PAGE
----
One other thing I really like about Blender is the ease of using shortcuts. Which to me speeds up the workflow a lot!
And one last but not least is the frequency Blender Foundation releases updates and new features. Blender is evolving really fast and it's already very powerful but dang! I'm more and more amazed every time they release a new version!
If you had the chance, what would you change in Blender to make it better?
Personally, I've always dreamed about having the ability to create muscle system simulations with Blender as easy as with Maya or other softwares and plugins. But I have faith this will come to Blender one day.
Don't be a afraid of changes. One of my biggest obstacles has been the fear to make something new.
Friendly Shade Leather 01 Preview
Friendly Shade Leather 01 was one of the first experiments with the new PBR scanner we built for fabric and small pattern surfaces, aimed to separate the albedo from the specular layer as much as possible to have a more pure color map and retaining much more detail in the geometry at the same time. It also helped to reach higher resolution maps which are usually hard to find in leather textures and at the same time we could capture bigger areas like this complete back side of a jacket. The material was very simple, just the usual dielectric setup with albedo/color, gloss plugged into roughness or reflection gloss and finally a displacement map for the geometry heights.
If there's one thing you would teach your younger self, what would it be and why?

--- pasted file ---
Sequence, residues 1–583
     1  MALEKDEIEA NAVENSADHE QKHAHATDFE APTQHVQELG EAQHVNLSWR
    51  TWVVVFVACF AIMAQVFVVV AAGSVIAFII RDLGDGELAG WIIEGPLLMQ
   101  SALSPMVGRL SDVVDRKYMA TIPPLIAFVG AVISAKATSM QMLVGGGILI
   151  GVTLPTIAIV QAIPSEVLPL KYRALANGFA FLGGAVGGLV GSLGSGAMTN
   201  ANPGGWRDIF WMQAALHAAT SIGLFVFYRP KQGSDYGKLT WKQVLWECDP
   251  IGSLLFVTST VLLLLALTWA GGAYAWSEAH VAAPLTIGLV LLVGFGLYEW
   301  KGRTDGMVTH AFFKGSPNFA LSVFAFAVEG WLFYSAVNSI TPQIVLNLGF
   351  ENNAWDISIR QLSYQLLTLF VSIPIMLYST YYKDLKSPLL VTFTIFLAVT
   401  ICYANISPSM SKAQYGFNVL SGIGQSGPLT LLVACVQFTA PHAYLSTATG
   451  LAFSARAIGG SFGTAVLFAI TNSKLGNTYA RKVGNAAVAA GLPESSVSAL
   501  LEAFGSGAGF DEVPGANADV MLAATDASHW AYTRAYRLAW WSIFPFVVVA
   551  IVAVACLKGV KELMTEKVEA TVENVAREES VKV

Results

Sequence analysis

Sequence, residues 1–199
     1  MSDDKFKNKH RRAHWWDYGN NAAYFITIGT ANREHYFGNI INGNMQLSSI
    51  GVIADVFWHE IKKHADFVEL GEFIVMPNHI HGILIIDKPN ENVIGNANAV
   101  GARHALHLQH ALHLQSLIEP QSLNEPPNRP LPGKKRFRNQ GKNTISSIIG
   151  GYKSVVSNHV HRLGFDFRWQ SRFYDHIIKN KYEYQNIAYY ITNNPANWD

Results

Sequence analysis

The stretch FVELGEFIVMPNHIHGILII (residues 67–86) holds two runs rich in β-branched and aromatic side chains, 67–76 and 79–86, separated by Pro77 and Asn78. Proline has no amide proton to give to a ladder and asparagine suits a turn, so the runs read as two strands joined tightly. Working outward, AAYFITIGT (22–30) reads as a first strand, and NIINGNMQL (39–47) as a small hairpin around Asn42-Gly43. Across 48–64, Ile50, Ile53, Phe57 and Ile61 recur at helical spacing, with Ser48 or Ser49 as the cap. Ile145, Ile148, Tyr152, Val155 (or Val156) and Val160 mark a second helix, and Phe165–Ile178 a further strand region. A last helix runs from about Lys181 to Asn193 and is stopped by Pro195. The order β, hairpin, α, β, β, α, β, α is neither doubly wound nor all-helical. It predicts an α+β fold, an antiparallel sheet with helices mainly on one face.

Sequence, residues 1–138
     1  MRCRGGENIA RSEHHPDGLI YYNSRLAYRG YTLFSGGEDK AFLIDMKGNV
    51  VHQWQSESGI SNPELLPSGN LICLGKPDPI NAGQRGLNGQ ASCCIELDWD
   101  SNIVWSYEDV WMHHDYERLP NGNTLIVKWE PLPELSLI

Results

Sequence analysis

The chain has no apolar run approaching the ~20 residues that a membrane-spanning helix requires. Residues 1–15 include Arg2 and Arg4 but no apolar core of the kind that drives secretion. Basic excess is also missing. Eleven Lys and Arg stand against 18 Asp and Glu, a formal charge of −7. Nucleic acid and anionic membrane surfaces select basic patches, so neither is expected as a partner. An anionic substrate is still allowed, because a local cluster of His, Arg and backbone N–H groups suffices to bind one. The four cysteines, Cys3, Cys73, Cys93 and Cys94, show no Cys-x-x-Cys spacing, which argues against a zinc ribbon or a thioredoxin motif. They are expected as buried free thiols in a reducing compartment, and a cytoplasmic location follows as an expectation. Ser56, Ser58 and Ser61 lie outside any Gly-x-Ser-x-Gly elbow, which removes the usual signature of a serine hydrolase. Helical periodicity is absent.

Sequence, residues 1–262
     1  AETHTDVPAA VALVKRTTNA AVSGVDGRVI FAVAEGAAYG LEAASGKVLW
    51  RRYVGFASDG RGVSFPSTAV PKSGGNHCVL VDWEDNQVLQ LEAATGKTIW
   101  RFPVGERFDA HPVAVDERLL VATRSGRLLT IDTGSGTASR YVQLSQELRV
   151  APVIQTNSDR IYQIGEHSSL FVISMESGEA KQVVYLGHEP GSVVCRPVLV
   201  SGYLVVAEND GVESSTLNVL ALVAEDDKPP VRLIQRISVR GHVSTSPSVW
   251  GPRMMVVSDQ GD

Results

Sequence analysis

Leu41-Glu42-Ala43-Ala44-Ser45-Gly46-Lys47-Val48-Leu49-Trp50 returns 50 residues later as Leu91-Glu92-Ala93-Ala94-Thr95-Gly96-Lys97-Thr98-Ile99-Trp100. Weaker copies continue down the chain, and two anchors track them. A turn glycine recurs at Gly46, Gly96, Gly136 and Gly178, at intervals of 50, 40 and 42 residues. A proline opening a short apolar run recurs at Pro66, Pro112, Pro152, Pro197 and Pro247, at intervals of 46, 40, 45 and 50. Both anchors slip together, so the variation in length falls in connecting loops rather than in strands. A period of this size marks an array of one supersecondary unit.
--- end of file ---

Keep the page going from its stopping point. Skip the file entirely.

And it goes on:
Don't be a afraid of changes. One of my biggest obstacles has been the fear to make something new. I'd tell my younger self just DO IT! :)
What is your workflow when creating 3D artworks?
1. Usually the first thing I do is finding a lot of reference by gathering images.
2. I start working or finding all the textures I need to make sure I'll have the resources from the very beginning.
3. Then I model everything in basic shapes or blocks until I got the rough look and camera placing.
4. Modeling everything in high including sculpting.
6. Texturing and shading.
7. Rendering and my favorite part: Post-processing.
It might sound weird but sometimes the first thing I do is making textures and materials, it motivates me a lot if I know I have all the necessary textures to work with and they look great :)
What is your hardware and software setup?
I used to have one quad GPU machine but with all the processing power I've needed to make my textures I've raised the number of machines to 4 but they all tend to be:
- i9-7980XE or Core i7-6950X
- 128GB of RAM
- x4 Titan Xp or x2 1080ti + x2 Titan Xp in the old ones
- Corsair AX1500i (1500W) or EVGA SuperNOVA 1600W
I think going with more than 4 GPUs for a single machine is not practical.
- Blender and Cycles as my main rendering tools (although I've been making experiments lately with my textures in Corona, FStorm, Octane and Unreal Engine)
- World Machine for environment terrains like mountains
- Photoshop for texturing and post-production
- Camera RAW and After Effects for post
Could you tell us more about Friendly Shade and how it came about?
Friendly Shade is been one of my biggest dreams since I started at 3D. I've always had the dream of making more textures than the ones I was able to find at that moment and expand all the options available. Not having the textures you need for a project is really discouraging so I not only wanted to provide scanned textures to people but also to have my own library!
At that moment scans were not as popular as nowadays and I wanted to create something special, so that's why I added the scan feature. I've also working on better quality products by increasing the pixel per meter density, expanding the scanned areas and increasing all the options so artists feel freer and the library is future proof.